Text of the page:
Read more: Can I have Caffeine while Pregnant and Breastfeeding?


Methylmercury is found in foods that certain fish eat and remains in the fish’s body after it is eaten. When a breastfeeding woman eats these fish, some of the methylmercury passes into her breastmilk and can cause harm to the baby’s developing nervous system.18

Fish is an important source of many high-quality nutrients, from protein to fatty acids, so don’t avoid all fish while breastfeeding. Health professionals recommend avoiding fish recognized as having high amounts of methylmercury, like shark, white tuna, swordfish, and king mackerel.17

Aim to eat 8 to 12 ounces each week of lower mercury fish, such as: wild salmon, canned light tuna, shrimp, tilapia and sardines.17

If you do not eat fish or DHA-containing foods, you may consider speaking with your healthcare provider about other options.

Artificial Sweeteners

There is not much research regarding the impact of artificial sweeteners, but we do know that they are found in breastmilk after mom consumes them.19

Some newer research indicates that baby’s whose mothers drink artificially sweetened beverages may have a higher Body Mass Index (BMI) as well as changes in their gut microbiota (the healthy bacteria found in our intestines).20,21

Artificial sweeteners include: saccharin (a key ingredient in Sweet-n-Low™), Splenda™/sucralose, Stevia™, Nutrasweet™/aspartame and Acesulfame-K.

If you are trying to reduce your artificial sweetener intake, opt for honey, 100% pure maple syrup, and – yes – plain old cane sugar in moderation to add natural sweetness.

Read more: What to Drink Instead of Sweetened Beverages


When it comes to drinking alcohol while breastfeeding, it’s best to err on the side of caution. The American Academy of Pediatrics (AAP) states that ingestion of alcoholic beverages should be minimized and limited to occasional intake.22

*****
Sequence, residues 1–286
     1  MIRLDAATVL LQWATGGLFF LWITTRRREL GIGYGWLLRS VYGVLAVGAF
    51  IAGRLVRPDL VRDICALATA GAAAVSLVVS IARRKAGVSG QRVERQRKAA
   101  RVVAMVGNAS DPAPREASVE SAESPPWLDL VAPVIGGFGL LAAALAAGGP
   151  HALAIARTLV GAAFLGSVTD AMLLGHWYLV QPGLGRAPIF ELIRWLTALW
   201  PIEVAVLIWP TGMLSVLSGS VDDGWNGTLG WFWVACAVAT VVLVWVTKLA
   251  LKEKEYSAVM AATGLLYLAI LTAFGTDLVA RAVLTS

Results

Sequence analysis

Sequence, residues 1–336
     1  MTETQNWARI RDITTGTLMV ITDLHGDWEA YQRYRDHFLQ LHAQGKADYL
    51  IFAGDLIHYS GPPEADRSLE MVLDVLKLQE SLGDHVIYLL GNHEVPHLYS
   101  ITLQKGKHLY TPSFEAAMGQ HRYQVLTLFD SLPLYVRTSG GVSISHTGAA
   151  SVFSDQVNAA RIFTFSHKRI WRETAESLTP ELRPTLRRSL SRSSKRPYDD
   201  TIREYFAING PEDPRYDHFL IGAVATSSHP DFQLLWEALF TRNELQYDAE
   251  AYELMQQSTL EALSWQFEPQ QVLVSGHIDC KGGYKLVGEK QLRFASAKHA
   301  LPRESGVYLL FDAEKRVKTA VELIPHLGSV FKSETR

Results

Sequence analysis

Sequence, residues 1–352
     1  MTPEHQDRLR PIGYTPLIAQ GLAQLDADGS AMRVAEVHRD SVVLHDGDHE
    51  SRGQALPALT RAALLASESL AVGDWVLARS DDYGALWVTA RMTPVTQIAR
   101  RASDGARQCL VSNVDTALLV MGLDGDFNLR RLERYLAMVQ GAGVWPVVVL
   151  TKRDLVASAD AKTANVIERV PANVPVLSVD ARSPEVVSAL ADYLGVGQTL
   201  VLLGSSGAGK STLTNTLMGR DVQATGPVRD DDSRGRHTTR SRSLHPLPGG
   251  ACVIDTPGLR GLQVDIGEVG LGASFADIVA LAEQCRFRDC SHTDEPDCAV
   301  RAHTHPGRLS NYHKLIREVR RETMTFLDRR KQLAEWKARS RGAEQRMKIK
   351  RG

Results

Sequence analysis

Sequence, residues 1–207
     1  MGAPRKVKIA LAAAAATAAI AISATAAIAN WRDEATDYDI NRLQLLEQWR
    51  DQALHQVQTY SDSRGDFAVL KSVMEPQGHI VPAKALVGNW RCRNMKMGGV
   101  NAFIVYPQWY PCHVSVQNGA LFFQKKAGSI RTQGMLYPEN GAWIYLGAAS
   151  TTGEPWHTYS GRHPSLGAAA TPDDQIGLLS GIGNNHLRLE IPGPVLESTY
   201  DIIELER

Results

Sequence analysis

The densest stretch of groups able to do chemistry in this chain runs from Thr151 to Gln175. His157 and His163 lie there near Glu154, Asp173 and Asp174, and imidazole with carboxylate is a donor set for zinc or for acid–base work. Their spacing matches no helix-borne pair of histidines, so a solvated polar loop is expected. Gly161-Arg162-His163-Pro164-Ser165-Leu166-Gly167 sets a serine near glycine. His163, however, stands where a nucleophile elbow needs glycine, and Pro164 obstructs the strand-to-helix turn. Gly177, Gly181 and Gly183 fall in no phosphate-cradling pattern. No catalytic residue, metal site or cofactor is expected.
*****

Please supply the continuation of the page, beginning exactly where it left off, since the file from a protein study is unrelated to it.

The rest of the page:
The AAP recommends waiting at least 2 hours after drinking alcohol to minimize the amount in your breastmilk.

If you do enjoy alcohol occasionally, know that it clears your breastmilk at the same rate it does your blood. Pumping and dumping is no longer recommended: it does not clear alcohol from your breastmilk faster.23

You can pump and dump if are intoxicated and need to relieve engorgement or pump in place of a skipped feeding in order to maintain supply. In this case, the milk pumped during this session should be discarded.

While current research suggests that having a drink occasionally does not seem to harm the nursing baby, daily or consistent use of alcohol while breastfeeding has been linked to less milk intake by baby, lowered milk ejection reflex, and possible delays in motor skill development at one year and beyond.24,25

What foods to eat while breastfeeding

Eat a varied nutrient-rich diet filled with fresh fruits and vegetables, whole grains, lean protein, low fat dairy (or dairy alternative), beans, nuts, and seeds.

Here is a sample meal plan that helps provide the nutrients you need while Getting the Right Nutrition While Breastfeeding

If you have questions about your diet while breastfeeding, reach out to our team of registered dietitian nutritionists and lactation counselors for free! They’re here to help on our live chat from Monday through Friday, from 8am–6pm (ET).

Keep a food log if you notice a reaction or sensitivity in your baby

If you suspect your breastfed baby is reacting to something in your diet, keep a food log to note what you are eating and drinking and when. Also specify what (breastmilk or formula?) and how (breast or bottle?) your baby is eating and when, as well as your baby’s position when feeding (side-lying? cradled?) and any symptoms.

A detailed food log will help you identify patterns, and it will help your healthcare provider give you better guidance.

Read more: Is Your Baby Reacting to Something in Your Breastmilk?

Let’s Chat!

We know parenting often means sleepless nights, stressful days, and countless questions and confusion, and we want to support you in your feeding journey and beyond.

Our Happy Experts are a team of lactation consultants and registered dietitian nutritionists certified in infant and maternal nutrition – and they’re all moms, too, which means they’ve been there and seen that. They’re here to help on our free, live chat platform Monday through Friday, from 8am–6pm (ET). Chat Now!

For more on this topic, check out the following articles

Dealing with Low Breastmilk Supply

How To Minimize Processed Foods In Your Diet

How Much Should I Eat while Breastfeeding?

Strategies for Postpartum Weight Loss

8 Tips for Simple, Quick, Healthy Cooking